"Two wonderful hours."
Reviewed 23 November 2014 by William
No criticism from me. Great boat, staff, crew. Way more than I expected. Thanks, William.
'William' travelled Cairnryan Belfast with Stena Line on Superfast VII
Reviewed 19 November 2014 by David
We traveled Premium Class on the Stena ferry and found it very comfortable and quiet and wouldn't hesitate to travel with the same company again.
'David' travelled Cairnryan Belfast with Stena Line on Superfast VII
Reviewed 07 November 2014 by Jaz
We upgraded to Stena Club Lounge for the crossing, both ways, and it was comfortable, civilised, and restful, with free coffee, biscuits and fruit available all the time, together with newspapers (and white wine if you want it). A good Wi-Fi connection is also available for free, and overall this crossing represents great value, especially if you just want to relax and unwind.
'Jaz' travelled Cairnryan Belfast with Stena Line on Superfast VIII
Reviewed 04 November 2014 by Reginald
Punctual departure and docking seamless crossing despite rough weather.
'Reginald' travelled Cairnryan Belfast with Stena Line on Superfast VIII
Use our Cairnryan Belfast ferry guide to find out all you need to know in order to book your ferry trip to Northern Ireland including who sails on the Cairnryan Belfast route and if there are any other crossings on offer.Getting a quote or booking a ferry to Northern Ireland couldn't be easier. All you need to do is select Cairnryan to Belfast from the menus to the left, select the number of passengers and hit search!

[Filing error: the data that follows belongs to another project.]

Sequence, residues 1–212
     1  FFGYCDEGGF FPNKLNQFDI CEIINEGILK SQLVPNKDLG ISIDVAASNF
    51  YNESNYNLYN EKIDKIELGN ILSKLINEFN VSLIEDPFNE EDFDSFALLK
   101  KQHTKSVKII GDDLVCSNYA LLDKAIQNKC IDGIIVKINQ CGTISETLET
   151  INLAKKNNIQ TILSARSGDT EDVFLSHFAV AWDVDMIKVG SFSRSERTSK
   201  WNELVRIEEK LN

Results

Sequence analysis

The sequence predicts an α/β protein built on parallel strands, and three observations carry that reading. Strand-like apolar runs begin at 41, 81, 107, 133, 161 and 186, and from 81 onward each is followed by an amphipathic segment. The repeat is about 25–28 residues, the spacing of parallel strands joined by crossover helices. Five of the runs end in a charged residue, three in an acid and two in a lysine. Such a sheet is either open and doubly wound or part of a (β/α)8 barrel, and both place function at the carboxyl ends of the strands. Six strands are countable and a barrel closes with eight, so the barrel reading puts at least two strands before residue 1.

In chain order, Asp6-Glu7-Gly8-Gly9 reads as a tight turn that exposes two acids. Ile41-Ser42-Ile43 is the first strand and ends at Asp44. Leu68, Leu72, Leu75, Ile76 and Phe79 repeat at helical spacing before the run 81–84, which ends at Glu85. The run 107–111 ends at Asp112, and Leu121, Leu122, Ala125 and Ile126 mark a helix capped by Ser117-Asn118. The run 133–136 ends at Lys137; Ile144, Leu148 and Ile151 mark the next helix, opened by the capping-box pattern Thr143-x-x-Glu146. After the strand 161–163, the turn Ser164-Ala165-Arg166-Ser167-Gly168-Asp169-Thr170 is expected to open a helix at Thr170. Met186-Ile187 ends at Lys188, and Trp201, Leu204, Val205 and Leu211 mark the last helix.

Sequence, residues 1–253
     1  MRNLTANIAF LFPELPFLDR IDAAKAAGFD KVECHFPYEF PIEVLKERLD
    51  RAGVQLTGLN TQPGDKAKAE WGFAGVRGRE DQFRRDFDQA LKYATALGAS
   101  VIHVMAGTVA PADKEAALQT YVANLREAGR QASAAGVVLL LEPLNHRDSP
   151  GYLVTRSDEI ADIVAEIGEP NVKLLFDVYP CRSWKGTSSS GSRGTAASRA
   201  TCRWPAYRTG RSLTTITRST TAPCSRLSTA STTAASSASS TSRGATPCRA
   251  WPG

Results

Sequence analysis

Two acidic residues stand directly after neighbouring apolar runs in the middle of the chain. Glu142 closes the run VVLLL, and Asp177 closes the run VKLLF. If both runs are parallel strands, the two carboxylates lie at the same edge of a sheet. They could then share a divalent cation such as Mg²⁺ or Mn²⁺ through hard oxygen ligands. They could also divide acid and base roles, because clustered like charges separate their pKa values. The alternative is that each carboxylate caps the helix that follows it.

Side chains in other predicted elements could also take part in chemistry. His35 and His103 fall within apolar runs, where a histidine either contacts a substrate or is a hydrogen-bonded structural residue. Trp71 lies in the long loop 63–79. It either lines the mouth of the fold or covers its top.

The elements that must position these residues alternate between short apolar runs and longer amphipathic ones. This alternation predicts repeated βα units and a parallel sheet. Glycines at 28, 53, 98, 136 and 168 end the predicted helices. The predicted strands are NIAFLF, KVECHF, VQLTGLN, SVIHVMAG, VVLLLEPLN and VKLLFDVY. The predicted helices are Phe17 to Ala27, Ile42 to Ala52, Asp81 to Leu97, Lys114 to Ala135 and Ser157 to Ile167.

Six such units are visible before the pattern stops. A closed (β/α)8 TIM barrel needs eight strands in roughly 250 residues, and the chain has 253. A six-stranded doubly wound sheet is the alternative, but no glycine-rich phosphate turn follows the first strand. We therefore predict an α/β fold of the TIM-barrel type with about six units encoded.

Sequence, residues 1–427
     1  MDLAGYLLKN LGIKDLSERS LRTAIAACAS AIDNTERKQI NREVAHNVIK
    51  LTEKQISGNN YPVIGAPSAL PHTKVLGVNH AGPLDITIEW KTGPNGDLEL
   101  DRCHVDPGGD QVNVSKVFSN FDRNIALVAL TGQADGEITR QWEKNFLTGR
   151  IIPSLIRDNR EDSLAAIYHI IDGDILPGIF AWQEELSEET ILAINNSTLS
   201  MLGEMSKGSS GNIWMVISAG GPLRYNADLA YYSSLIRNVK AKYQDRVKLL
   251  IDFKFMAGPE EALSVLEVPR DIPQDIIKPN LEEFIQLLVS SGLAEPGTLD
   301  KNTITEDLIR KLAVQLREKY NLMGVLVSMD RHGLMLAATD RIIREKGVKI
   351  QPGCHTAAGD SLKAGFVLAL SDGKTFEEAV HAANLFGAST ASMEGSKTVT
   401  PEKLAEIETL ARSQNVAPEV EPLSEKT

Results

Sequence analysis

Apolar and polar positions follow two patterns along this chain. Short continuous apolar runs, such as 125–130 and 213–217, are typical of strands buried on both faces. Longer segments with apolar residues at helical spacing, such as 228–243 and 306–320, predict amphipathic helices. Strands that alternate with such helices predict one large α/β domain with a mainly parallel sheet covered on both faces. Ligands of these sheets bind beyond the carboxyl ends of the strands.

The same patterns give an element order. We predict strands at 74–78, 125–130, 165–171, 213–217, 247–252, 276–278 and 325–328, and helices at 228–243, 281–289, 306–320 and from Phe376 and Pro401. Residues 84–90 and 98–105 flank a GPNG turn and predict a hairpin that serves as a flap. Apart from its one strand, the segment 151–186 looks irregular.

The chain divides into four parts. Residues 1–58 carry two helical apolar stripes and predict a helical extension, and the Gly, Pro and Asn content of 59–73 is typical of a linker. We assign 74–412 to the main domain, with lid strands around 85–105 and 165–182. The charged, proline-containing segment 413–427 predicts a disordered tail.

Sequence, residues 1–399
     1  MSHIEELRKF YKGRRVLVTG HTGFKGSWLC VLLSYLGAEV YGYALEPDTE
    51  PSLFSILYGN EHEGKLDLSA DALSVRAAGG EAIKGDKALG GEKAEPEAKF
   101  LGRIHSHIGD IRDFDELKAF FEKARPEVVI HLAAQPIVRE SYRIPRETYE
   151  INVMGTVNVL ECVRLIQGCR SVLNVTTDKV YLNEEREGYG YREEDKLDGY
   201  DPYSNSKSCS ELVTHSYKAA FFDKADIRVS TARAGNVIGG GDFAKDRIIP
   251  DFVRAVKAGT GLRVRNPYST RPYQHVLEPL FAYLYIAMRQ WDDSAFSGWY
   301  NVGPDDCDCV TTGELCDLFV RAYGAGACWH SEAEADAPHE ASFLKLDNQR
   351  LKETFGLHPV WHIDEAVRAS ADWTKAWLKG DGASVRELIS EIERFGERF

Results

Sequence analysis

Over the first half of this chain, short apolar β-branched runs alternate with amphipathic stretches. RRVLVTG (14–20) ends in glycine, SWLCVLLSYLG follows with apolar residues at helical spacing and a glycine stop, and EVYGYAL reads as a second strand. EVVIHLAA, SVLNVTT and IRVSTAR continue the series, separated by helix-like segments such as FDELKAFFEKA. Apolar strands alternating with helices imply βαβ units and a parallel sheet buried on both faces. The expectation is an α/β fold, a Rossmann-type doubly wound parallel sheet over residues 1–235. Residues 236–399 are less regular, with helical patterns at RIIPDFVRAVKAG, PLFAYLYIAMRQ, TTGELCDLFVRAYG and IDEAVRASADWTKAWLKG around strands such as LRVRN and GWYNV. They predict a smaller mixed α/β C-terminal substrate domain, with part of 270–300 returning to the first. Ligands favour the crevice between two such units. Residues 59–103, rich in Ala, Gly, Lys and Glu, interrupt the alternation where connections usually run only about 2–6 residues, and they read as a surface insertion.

Prices shown represent the average one way price paid by our customers. The most common booking on the Cairnryan Belfast route is a car and 2 passengers.
The Scottish village of Cairnryan is located in Dumfries and Galloway and lies on the eastern shore of Loch Ryan. The village can trace its origins back to 1701 when it was established for workers employed on the Lochryan Estate which features a deer park and bowling green. facilities in the village include the Lochryan Hotel, a few guest houses and bed and breakfast establishments, a caravan site built on the site of an old war camp site, a village shop and a restaurant, The Merchant's House Restaurant.
The village is important in maritime history, with a ferry service connecting Scotland and Northern Ireland. The village has two ferry terminals connecting Scotland to Northern Ireland. The first opened in 1973, originally operated by Townsend Thoresen and now by P&O Ferries links Scotland with the port of Larne. The second at Old House Point is operated by Stena Line linking to the Port of Belfast in Belfast.
The city of Belfast is located in Country Antrim in Northern Ireland, although parts of the East and South Belfast are located in County Down. Belfast is also Northern Ireland's capital city. Sitting at the mouth of the River Lagan where it becomes a deep and sheltered lough, Belfast is surrounded by mountains that create a micro climate conducive to horticulture. From the Victorian Botanic Gardens in the heart of the city to the heights of Cave Hill Country Park, the great expanse of Lagan Valley Regional Park to Colin Glen, Belfast contains an abundance of parkland and forest parks. Parks and Gardens are an integral part of Belfast's heritage, and home to an abundance of wildlife and popular places for a picnic, a stroll or a jog. Numerous events take place throughout including festivals such as Rose Week and special activities such as bird watching evenings and great beast hunts. The architectural style of Belfast's buildings range from Edwardian, like the City Hall, to modern, like Waterfront Hall. Many of the city's Victorian landmarks, including the main Lanyon Building at Queen's University Belfast and the Linenhall Library, were designed by Sir Charles Lanyon.
From the city's port, ferry services depart to Cairnryan in Scotland, Liverpool in England and to Douglas on the Isle of Man.